It is important to recognize how data and images gathered through surveillance can be weaponized later. Columbia professor Tim Wu wrote that “One [hard truth] is that data and surveillance networks created for one purpose can and will be used for others. You must assume that any personal data that Facebook or Android keeps are data that governments around the world will try to get or that thieves will try to steal.”

Plenty of data collection is not involved with such extreme abuse as genocide; however, in a time of global resurgence of white supremacist, ethno-nationalist, and authoritarian movements, it would be deeply irresponsible to not consider how data & surveillance can and will be weaponized against already vulnerable groups.

  1. Data often has errors (and no mechanism for correcting them)

A database of suspected gang members maintained by California law enforcement officials was found to be full of errors, including 42 babies who had been added to the database when they were less than 1 year old (28 of whom were marked as “admitting to being gang members”). Even worse, there was no process in place for correcting mistakes or removing people once they’ve been added.

An NPR reporter recounts his experience of trying to rent an apartment and discovering that TransUnion, one of the 3 major credit bureaus, incorrectly reported him as having two felony firearms convictions. TransUnion only removed the mistakes after a dozen phone calls and notification that the story would be reported on. This is not an unusual story: the FTC’s large-scale study of credit reports in 2012 found 26% of consumers had at least one mistake in their files and 5% had errors that could be devastating. An even more opaque, unregulated “4th bureau” exists: a collection of companies buying and selling personal information about people on the margins of the banking system (such as immigrants, students, and people with low incomes), with no standards on what types of data are included, no way to opt out, and no system for identifying or correcting mistakes.

  1. Surveillance typically operates with no accountability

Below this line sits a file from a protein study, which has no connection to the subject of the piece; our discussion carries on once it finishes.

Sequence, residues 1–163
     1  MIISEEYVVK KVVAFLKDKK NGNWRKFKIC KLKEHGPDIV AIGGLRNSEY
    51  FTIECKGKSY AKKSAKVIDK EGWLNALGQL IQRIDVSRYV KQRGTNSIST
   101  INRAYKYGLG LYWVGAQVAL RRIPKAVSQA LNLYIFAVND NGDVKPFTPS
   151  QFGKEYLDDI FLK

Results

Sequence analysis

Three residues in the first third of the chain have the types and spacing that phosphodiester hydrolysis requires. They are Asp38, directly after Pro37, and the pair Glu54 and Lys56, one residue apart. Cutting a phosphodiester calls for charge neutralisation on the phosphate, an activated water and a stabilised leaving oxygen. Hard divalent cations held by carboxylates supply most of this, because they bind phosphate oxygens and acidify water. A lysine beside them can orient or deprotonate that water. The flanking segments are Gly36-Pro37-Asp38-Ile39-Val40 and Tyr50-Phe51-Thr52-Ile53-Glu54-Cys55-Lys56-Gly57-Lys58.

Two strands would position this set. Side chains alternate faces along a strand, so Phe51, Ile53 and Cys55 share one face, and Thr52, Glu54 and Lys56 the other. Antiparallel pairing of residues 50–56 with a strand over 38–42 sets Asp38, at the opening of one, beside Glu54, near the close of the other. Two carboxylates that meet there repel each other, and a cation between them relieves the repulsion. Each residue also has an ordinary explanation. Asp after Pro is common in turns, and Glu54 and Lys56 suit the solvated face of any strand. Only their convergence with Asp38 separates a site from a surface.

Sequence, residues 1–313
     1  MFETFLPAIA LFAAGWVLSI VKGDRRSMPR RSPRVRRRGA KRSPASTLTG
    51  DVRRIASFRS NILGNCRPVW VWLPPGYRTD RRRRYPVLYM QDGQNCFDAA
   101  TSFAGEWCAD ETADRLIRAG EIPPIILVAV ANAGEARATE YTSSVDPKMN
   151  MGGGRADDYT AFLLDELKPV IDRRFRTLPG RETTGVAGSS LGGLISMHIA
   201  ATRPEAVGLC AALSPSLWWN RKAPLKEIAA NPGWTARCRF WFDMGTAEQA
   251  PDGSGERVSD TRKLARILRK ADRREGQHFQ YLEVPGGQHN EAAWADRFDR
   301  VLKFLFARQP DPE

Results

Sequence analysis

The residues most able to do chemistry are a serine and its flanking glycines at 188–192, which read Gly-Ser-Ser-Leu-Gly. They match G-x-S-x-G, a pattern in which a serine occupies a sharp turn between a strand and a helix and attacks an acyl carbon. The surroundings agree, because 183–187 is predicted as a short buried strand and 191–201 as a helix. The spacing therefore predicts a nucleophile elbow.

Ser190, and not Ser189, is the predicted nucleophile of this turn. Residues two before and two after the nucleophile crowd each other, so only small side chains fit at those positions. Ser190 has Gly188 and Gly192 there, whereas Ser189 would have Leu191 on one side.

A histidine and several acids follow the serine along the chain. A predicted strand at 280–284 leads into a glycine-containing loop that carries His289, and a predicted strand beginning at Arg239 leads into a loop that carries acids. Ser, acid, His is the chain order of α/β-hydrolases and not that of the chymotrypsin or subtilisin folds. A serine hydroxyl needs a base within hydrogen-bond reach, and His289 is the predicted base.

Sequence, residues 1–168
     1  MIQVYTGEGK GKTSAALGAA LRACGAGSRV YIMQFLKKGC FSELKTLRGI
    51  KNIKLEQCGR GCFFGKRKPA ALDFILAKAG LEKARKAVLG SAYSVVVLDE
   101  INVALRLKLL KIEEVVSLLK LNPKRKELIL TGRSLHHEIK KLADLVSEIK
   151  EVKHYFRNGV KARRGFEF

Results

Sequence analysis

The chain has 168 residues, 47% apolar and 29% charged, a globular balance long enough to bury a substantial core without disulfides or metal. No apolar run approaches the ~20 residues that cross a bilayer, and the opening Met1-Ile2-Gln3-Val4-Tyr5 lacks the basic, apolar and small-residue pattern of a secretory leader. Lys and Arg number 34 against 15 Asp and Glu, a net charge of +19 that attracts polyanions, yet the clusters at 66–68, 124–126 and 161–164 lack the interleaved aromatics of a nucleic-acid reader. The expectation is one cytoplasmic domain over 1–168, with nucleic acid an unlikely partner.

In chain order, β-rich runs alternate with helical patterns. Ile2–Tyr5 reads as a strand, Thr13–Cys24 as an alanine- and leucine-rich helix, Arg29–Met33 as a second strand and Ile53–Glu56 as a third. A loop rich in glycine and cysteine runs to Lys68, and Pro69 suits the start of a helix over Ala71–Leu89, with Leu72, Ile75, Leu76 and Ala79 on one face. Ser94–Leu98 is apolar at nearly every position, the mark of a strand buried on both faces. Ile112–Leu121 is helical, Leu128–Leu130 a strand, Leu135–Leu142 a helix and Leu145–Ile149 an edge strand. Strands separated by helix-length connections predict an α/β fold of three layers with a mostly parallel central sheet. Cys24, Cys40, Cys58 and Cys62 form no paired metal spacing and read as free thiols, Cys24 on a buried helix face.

What makes the examples in the previous section disturbing is not just that errors occurred, but that there was no way to identify or correct them, and no accountability for those profiting off the error-laden data. Often, even the existence of the systems being used is not publicly known (much less details of how these systems work), unless discovered by journalists or revealed by whistleblowers. The Detroit Police Dept used facial recognition technology for nearly two years without public input and in violation of a requirement that a policy be approved by the city’s Board of Police Commissioners, until a study from Georgetown Law’s Center for Privacy & Technology drew attention to the issue. Palantir, the defense startup founded by billionaire Peter Thiel, ran a program with New Orleans Police Department for 6 years which city council members did not even know about, much less have any oversight.

After two studies found that Amazon’s facial recognition software produced inaccurate and racially biased results, Amazon countered that the researchers should have changed the default parameters. However, it turned out that Amazon was not instructing police departments that use its software to do this either. Surveillance programs are operating with few regulations, no oversight, no accountability around accuracy or mistakes, and in many cases, no public knowledge of what is going on.

  1. Surveillance changes our behavior

Hundreds of thousands of people in Hong Kong are protesting an unpopular new bill which would allow extradition to China. Typically, Hong Kong locals use their rechargeable smart cards to ride the subway. However, during the protests, long lines of people waited to use cash to buy paper tickets (usually something that only tourists do) concerned that they would be tracked for having attended the protests. Would fewer people protest if this was not an option?